Exercises of this sort are often conducted in the hope and expectation that employees will indeed see what's coming and achieve the desired outcome of their own volition and at their own cost.

      2. Anonymous Coward
        Anonymous Coward

        Re: Clueless

        My guess is IBM doesn't think about their employees at all.

        Other than their mere existence being a line item on the budget to be depreciated, and eventually written-off entirely.

        1. ecofeco Silver badge

          Re: Clueless

          No need to guess. 40 years of documentation proves it.

  7. An_Old_Dog Silver badge


    1. Our company/division/department is going to be doing the Great Things I commanded it to do.

    2. To help achieve that, we're going to be doing it with fewer people than ever before! ("Focusing company resources" == "paying salaries for a lot fewer of you")

    3. We're going to make your jobs better by getting rid of mundane time-wasters you're currently burdened with -- such as:

    3a. All-Hands Meetings where executives fling mindless, verbal shit at you, throw any feedback you give us into /dev/null, as well as targetting you for an R.A. since you had the timerity/stupidity to speak up when we said we wanted your feedback. (Well, no, we're keeping those.)

    3b. Employee surveys where we throw any feedback you give us into /dev/null, as well as targetting you for an R.A. since you had the timerity/stupidity to write something down when we wrote we wanted your feedback. (Well, no, we're keeping those, too.)

  8. Anonymous Coward
    Anonymous Coward

    Do you have any feedback you would like to give that wasn't covered in the above questions:

    Yes, those clueless morons in suits who turned up last week are fucking annoying and keep interrupting my ability to work, by asking me questions aimed at justifying firing everyone and replacing us with cheaper unskilled labour. Can you ask them to kindly fuck off please?

    Also, is this feedback from really anonymous like it says? I note that I had to log in to answer the form, after receiving a notification that I hadn't filled it out yet.

    1. Anonymous Coward
      Anonymous Coward

      >Also, is this feedback from really anonymous like it says? I note that I had to log in to answer the form, after receiving a notification that I hadn't filled it out yet.

      If they can drill down deep enough to get the number of people down like say a department of 10 or less, then if there are any questions like age, sex etc in it then it soon becomes easy to see who said what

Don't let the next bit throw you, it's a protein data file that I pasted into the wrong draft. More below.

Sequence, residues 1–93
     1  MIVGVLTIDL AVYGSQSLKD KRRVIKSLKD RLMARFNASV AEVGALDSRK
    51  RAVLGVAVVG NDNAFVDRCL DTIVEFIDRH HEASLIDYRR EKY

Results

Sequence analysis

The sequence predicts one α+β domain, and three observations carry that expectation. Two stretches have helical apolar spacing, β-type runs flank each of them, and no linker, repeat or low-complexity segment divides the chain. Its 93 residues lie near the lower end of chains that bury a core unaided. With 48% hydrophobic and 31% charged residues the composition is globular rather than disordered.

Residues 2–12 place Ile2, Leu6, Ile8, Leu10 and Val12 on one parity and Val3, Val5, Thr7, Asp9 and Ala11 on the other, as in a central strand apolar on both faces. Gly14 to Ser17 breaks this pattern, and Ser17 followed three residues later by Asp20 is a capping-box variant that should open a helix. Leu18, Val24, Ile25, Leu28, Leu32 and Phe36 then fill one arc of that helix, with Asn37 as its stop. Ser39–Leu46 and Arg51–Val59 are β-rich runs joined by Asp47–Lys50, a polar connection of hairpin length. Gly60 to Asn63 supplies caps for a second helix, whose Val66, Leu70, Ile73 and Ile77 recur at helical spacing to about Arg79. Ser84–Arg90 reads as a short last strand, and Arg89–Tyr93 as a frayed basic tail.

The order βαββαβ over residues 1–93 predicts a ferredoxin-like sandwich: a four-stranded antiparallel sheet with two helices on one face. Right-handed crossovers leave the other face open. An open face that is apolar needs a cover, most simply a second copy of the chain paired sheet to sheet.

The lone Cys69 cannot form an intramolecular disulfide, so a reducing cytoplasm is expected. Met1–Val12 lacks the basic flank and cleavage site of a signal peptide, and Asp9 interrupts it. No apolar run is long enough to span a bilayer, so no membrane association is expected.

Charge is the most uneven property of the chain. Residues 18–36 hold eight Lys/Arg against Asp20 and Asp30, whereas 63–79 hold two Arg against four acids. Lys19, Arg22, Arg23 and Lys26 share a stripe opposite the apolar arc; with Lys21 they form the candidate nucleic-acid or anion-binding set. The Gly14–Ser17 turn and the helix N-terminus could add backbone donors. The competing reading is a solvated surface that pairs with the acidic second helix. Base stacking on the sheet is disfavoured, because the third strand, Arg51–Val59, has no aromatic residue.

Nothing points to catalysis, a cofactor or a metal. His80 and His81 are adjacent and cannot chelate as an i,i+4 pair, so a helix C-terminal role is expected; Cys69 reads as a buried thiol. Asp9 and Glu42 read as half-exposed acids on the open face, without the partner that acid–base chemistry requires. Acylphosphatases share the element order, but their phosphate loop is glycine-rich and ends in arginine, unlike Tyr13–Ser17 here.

9. tiggity Silver badge


    "This project will help us to identify and remove mundane tasks that drain your energy so that you can focus on the most engaging and highest value work – to make your job better."

    The "most engaging" tasks are typically complex and demand a lot of mental effort & can be very draining after a few hours.

    Mundane tasks (assuming mundane === easy) can actually be good as they give your brain a "cool down", where its not working at 100%, if you are on continual 100% mental effort work it's a path to burnout.

    1. Anonymous Coward
      Anonymous Coward

      Re: Dubious

      While this is all true enough, it's likely not how IBM/RedHat are defining "mundane".

      The key here is "highest value work", which is to say: most profitable for the big wheels.

      The employees being "engaged" or having their "energy drained" is just window dressing talk; in this context "mundane" simply means "less likely to pad our fat executive bonuses".

    2. ecofeco Silver badge

      Re: Dubious

      That's a really odd thing for them to say because my brief stint with IBM was nothing BUT mundane, useless tasks. And of course pointed questions about why I wasn't getting my real job done. Nor someone else's.

      Which was the last straw.

  10. gbiz

    BITD ...

    they possibly were the worlds best open source engineering organisation. It wasn't by chance they got 80+% share of the enterprise Linux market. But back then the C-level & senior management, had a clue. (Aside from sales. They were a bunch of clueless tw@s even then)

    Chris Wright has been at RH long enough to remember the old internal memo-list maillist, before management split it into friday-list to stop people openly flaming dumb management decisions. Before coming out with shite like that he should ask himself what reaction it would have got on there.

  11. Golgafrinch

    Oh goodness gracious me

    McKinsey, Bain, and BCG are well-known as the Dark Triad (try and find a single 'success story' among their 'achievements'. Below that it's "Send in the clowns" i.e. EY, PwC, (I stop here, because the list is too long). They're all doing alright for themselves, though.

  12. rjmx

    "my goal is to have Global Engineering recognized as the world's greatest open-source software engineering organization."

    The guy responsible for Gnome can say that with a straight face?

  13. ecofeco Silver badge


    .. they're boned.

  14. Anonymous Coward
    Anonymous Coward

    Get out now!

    If they need McKinsey (who have no clue about IT or software) to tell RH managers how to make things "more efficient" then either the current managers have no clue and shouldn't be in their jobs OR they're looking for someone else to recommend large layoffs so management can plead ignorance and save face.

    Mark my words. Let's revisit this in 12 months.

    Then again, perhaps McKinsey will recommend calling in KKR to load up the place with debt so that "value can be maximised" for a healthy profit before it all collapses and sold at fire sale prices, again with mass layoffs.

  15. Missing Semicolon Silver badge

    Closed source

    The mundane work is maintaining repos of open source software. These types will simply assume they can just take ownership of it all. Expect requests for licence fees for all rpm-based distros.